Historical development of Continental Philosophy

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During the 19th century, when Hegel developed his theories of idealism, and when the notions of Continental Philosophy were being explored by men like Nietzche and Husserl, much was taking place in the world. The primary focus was on the way the world was changing, mostly because of the Industrial Revolution in Europe.


This resulted in Hegel's theories, as well as the deeper focus on existentialism and phenomenology.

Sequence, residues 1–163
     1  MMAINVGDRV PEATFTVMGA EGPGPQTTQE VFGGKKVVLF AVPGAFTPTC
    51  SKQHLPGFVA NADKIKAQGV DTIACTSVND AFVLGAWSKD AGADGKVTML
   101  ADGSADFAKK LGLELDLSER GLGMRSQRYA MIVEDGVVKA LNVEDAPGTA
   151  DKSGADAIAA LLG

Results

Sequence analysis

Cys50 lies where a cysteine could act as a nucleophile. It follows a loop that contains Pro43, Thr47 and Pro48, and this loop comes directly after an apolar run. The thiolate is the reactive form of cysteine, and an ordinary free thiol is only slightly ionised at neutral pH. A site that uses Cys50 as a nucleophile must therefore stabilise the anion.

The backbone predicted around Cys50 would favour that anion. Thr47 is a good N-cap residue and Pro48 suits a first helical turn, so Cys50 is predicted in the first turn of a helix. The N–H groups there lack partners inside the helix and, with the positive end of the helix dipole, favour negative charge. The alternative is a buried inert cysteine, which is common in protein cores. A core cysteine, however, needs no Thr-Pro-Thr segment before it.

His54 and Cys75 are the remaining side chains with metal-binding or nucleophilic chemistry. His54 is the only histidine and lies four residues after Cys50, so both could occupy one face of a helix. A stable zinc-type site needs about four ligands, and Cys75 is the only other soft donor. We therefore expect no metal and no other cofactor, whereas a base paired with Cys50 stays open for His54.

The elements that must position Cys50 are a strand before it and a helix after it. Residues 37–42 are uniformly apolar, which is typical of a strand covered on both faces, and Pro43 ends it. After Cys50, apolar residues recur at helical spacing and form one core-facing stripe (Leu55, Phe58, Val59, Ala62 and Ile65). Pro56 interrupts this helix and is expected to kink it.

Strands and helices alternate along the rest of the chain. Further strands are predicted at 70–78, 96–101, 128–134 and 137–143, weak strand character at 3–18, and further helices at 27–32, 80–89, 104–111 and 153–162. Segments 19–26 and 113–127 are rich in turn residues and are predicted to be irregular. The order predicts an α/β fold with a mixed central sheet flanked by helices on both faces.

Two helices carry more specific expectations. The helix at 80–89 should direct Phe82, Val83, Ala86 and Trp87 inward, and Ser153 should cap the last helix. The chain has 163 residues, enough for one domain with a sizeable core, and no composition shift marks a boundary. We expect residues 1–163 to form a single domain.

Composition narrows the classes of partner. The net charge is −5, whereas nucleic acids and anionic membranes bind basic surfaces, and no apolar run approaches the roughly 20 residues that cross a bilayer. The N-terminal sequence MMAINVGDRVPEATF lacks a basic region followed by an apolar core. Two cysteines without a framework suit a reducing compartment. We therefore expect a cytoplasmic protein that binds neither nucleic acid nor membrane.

Hegel's idealism, also known as Absolute Idealism, has severely affected society at large. The primary reason for this is because Hegel's work developed the framework for both Marxism and Darwin's Evolutionary Theory. Hegel's notions start with the idea that knowledge does not have the ability to explain itself; therefore human beings must trust their senses to understand knowledge. The mind also comes into play here, because the mind processes all senses, and thus becomes the primary focus of knowledge. Hegel believed that humans must contradict themselves in order to form a new way of thinking. To further explain this, Hegel burrowed the idea of the Absolute Ego from Fichte and renamed it the Absolute Spirit; to Hegel this meant that the earth cannot be measured based on personality. Hegel heavily believed in Pantheism and attributed this to the absolute spirit; basically, Hegel believed that God was in everything. This belief is a reflection of a Romantic view, and was a movement in the 19th century in direct result of the Industrial Revolution occurring in Europe. ...
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